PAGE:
‘It’s awful, but you are going to love it’. Richard’s text arrived as I was clambering up a sand dune, trying to locate a picnic, on my Experience in Wales in May. The message was accompanied by a photograph of comedic, china dog sat in front of an old fashioned gas fire, its plastic surround singed by years of use. This was the first glimpse I saw of the inside of the house I already knew would become our new home.
We’d decided in the New Year that we would move, that we would leave our beloved Primrose Hill. We’d lived happily in our two-bedroom flat for seven years but now that the boys are both teenagers it was becoming cramped and stressful. We were craving some space, some separation from each other, for our collective and individual sanity. Our only stipulation for location was that it needed to be easy for the boys to get to their school and we quickly settled our search on finding a smart, spacious flat in one of the elegant Edwardian mansion blocks in Maida Vale.
I’m not quite sure how it was that we instead ended up buying a neglected, dilapidated terraced house in Camden, but I do know we saw a lot of dreadful properties along the way – around twenty five, I think. We trudged around a cast of badly carved up Victorian conversions with odd-shaped rooms, and a whole heap of garden flats with brutal, thoughtlessly designed extensions. We learnt that there is a dispiriting amount of low-quality astro-turf in North London and that hyper-glossy kitchens are all the rage.
We had a few ‘almosts’: a wonderful garden maisonette in central Camden that we couldn’t afford, and a light and airy mansion block apartment in Maida Vale that we didn’t realise we could afford until it was sold. There were a handful we eschewed, being unable agree on whether to buy them: a cosy attic flat in Maida Vale that I adored, and a maisonette in Chalk Farm that Richard would have settled for. And then, after five months of searching, just as we were considering throwing in the towel, we found the house.
The house was not on the market, it was a probate sale and the executors didn’t intend to sell it until the legalities were complete. But our estate agent, Peter, convinced the executors to let us take a look. There were no floor plans and no photographs, and all we could see was what we could interpolate from scrutinising 3D digital maps on our computers. It was enough, though, for me to be convinced that this was our house. The keys didn’t arrive for an excruciating three weeks, by which time I was in Wales and so Richard went to view the house without me.
The house sits on a hill on the edge of a conservation area in Camden. It’s tucked away in a secret grid of streets that nobody seems to know exists. A black cab driver told me last week that he’d not been there in twenty years and I’ve not once told anyone where it is without having to show them on the map on my phone. There are no pubs, no shops and little in the way of parks. But it’s quiet, deserted, peaceful and pretty.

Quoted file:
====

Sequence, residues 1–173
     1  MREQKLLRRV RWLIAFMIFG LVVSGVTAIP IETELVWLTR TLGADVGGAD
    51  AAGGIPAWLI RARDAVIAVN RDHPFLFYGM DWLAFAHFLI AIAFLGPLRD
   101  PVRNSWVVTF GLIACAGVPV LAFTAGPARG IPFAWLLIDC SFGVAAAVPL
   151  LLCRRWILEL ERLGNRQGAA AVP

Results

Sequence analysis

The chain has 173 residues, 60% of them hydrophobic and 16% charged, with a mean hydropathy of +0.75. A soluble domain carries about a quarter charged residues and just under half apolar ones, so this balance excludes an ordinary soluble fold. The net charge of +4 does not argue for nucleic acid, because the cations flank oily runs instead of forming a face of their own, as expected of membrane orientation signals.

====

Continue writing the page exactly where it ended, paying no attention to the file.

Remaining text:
It’s in a sorry state. It’s missing a staircase and almost all of its admirable original features have gone. The sashes have been replaced with casements, there are boiler vents protruding from the brickwork, and there is concrete absolutely everywhere. The lower floor has been shut up for thirty years and is riddled with damp and the upper floors are filthy. But it is structurally sound, despite its appearance, and has more promise than a Cambridge graduate with a double first.
We bought it, and so began the long, tortuous road to completion. The Japanese knotweed in the garden caused all sorts of legal problems and the probate delayed exchange for weeks. We spent five tumultuous months terrified an unscrupulous developer would get wind of the house and whip it out from under our feet like a magician with a tablecloth. Our eventual exchange of contracts earlier this month was accompanied more by sighs of relief than squeals of excitement.
Since then we’ve been planning furniture layouts in our heads and have troubled over where to put the shower room. We’ve hired an architect and have decided where the Christmas tree will go. There are rumours of a pizza oven and I know my desk will overlook the beautiful, South-facing garden. I’m excited about having a bathroom with a window and not having to eat in my sitting room. I’m very much looking forward to exploring a new area and having a new project.
We are incredibly sad to leave Primrose Hill, it’s been our home for a long time, but it’s time for a change, to try something new. The works are extensive and we can’t live in the house, so we are evacuating ourselves to Kent to live with Richard’s parents for the duration of the building works. We aim to move into our house at Easter, ready to spend the summer in the first garden I’ve had since I left home at the age of eighteen.
Christmas shopping in London can be an enjoyable and fun adventure, far removed from the stressful crowds of Westfield or Oxford Street. Here are my favourite destinations.
My guide to the most stylish and atmospheric things to do in London this Christmas to make the most of this magical festive period in our beautiful city.